Health Canada released the new Canada’s Food Guide in January 2019 following a multi-year consultation process and extensive review of current evidence on food and health as part of Canada’s overall Healthy Eating Strategy.
The new guidelines and tools have also considered traditional foods, cultural diversity and environmental sustainability. As a dietitian and lover of all thing’s food, I was excited to see the new guide and begin to work with it in my practice setting and in my personal life. How would this guide be different than previous versions? And then, a fellow employee asked me a great question. “When was the first Canada Food Guide introduced?” My interest sparked, I spent some time that evening reading about the history of Canada’s Food Guide. Very interesting for sure! The first food guide, “Canada’s Official Food Rules,” was introduced to the Canadian public in July 1942 acknowledging wartime food rationing while endeavoring to prevent nutritional deficiencies and to improve the health of Canadians. The food guide has since been transformed eight times with new names, new looks, and new messages – yet always guiding food selection and promoting the nutritional health of Canadians. From recommending 1 serving of potatoes a day in 1942, suggesting we frequently consume liver until 1961, when it started losing its stardom, to our modern-day healthy eating recommendations of variety, balance and mindfulness many things have changed and yet, many have held true.
Gone is the old “all-in-one” rainbow format tool. It has been replaced by a suite of online resources to communicate dietary guidance to consumers, health professionals and policy makers helping to deliver healthy eating information in a mobile-friendly web application that is available anytime, anywhere.
The new Canada’s Food Guide takes on a broader approach with actionable advice for both what and how one can eat healthier. Its modern and eye-catching ‘whole plate” design provides at a glance information to guide Canadian’s to eat a variety of healthy foods each day. Fill half of your plate with vegetables and fruits, ¼ of your plate with protein foods and ¼ of your plate with whole grains and make water your drink of choice.
Canada’s Food Guide Healthy Eating Recommendations:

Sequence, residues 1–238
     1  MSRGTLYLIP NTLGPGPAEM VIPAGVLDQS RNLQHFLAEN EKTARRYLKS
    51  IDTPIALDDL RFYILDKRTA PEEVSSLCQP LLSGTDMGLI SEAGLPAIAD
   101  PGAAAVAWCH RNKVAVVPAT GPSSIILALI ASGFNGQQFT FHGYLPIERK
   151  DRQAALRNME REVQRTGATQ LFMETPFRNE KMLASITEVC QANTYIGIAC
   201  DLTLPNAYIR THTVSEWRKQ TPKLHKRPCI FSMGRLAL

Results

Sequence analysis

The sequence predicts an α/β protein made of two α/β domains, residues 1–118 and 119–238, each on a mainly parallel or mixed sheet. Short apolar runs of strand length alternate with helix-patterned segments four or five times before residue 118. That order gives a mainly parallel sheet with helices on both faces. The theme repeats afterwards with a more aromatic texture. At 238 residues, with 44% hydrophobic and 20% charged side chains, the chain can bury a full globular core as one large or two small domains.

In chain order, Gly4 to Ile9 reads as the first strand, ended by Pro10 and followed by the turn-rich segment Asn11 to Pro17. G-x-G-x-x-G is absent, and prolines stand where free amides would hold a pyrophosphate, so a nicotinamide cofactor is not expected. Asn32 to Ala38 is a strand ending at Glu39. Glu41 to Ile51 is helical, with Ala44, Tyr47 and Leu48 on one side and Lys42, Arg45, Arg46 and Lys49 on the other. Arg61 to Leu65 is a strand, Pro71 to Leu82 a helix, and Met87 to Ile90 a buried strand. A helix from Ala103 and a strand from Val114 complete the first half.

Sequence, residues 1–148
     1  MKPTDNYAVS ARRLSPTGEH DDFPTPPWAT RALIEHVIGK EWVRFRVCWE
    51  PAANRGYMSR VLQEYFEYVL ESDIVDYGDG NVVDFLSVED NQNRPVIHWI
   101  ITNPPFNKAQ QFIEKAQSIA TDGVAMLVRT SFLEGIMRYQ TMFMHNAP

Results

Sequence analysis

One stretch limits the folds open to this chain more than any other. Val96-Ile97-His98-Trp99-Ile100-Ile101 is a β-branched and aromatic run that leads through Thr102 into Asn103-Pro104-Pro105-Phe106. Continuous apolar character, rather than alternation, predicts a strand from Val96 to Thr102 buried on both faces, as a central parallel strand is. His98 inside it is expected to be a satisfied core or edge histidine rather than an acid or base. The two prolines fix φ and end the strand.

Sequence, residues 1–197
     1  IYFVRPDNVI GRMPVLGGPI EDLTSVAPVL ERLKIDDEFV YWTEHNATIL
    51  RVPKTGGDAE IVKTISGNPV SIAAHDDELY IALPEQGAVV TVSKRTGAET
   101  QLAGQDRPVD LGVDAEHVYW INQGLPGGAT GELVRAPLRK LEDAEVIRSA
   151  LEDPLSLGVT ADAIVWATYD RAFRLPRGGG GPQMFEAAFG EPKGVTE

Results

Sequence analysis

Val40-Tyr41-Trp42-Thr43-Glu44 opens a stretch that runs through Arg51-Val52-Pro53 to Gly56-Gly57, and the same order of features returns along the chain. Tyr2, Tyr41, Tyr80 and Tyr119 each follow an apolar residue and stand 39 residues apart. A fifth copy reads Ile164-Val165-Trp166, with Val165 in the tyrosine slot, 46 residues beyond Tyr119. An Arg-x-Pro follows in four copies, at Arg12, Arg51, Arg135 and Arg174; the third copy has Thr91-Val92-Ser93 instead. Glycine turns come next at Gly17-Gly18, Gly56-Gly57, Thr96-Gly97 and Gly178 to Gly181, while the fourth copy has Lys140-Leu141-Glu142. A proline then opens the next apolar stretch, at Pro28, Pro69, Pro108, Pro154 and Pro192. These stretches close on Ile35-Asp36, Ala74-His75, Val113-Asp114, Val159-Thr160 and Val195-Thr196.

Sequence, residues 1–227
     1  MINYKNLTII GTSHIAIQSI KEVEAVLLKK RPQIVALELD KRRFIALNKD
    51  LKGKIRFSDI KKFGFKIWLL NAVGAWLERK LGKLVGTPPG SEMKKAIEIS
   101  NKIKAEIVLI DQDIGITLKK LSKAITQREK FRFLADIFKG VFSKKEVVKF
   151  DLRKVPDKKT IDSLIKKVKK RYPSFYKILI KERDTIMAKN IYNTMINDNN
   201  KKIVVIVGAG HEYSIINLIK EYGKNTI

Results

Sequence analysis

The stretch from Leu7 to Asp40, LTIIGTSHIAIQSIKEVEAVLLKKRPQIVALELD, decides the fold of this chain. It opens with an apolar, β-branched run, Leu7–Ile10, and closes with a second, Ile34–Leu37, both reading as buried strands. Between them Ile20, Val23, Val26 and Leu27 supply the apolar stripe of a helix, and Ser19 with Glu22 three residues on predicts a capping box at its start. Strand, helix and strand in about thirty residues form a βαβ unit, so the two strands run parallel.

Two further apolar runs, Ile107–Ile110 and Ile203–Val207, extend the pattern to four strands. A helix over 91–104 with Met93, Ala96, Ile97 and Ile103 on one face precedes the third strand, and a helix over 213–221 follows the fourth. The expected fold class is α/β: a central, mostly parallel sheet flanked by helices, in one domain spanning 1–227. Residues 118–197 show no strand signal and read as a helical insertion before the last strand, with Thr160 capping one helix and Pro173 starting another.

Eat a Variety of Healthy Foods Each Day
- Eat plenty of vegetables and fruits, whole grain foods and protein foods. Choose protein foods that come from plants more often. Protein foods include legumes, nuts, seeds, tofu, fortified soy beverage, fish, shellfish, eggs, poultry, lean red meat including wild game, lower fat milk, lower fat yogurts, lower fat kefir, and cheeses lower in fat and sodium.
- Choose foods with healthy fats, found in nuts & seeds, fatty fish, avocado, vegetable oils & soft margarine, instead of foods higher in saturated fats, such as fatty meats, high fat dairy products, some highly processed foods and some tropical oils like palm oil and coconut oil.
- Limit highly processed foods. If you choose these foods, eat them less often and in small amounts.
- Make water your drink of choice.
- Read food labels to understand what is in your food and to help make healthy food choices.
- Be aware that food marketing can influence your choices.
Healthy eating is more than the foods you eat. It is also about where, when, why and how you eat.
- Be mindful of your eating habits
- Cook more often
- Enjoy your food
- Eat meals with others
Always keep in mind that food guides are just that, guides. They are meant to be basic education tools, designed to help people follow a healthy diet. They have considered extensive dietary analysis, national nutrition goals, data from food consumption surveys, and issues of food supply and production. Food guides translate the science of nutrition and health into practical advice around food choices, incorporating variety and flexibility.
Discover the new Canada’s Food Guide online suite of resources for yourself, featuring the Food Guide Snapshot, actionable advice, videos and recipes. Resources will be constantly enhanced so keep coming back!
If you are interested in reading more about the history of Canada’s Food Guide, check out this link: https://www.canada.ca/en/health-canada/services/canada-food-guide/about/history-food-guide.html
Kim Jeffery has been a Registered Dietitian for 27 years and is a member of the College of Dietitians of Alberta. For the past 9 years Kim has used her expertise to help ensure the meals produced at Calgary Meals on Wheels are nutritious and healthy for our clients.
Disclaimer: This information is provided by our Registered Dietitian and is not meant to replace advice from your medical doctor or health professional regarding your individual needs. It is intended for educational and informational purposes only.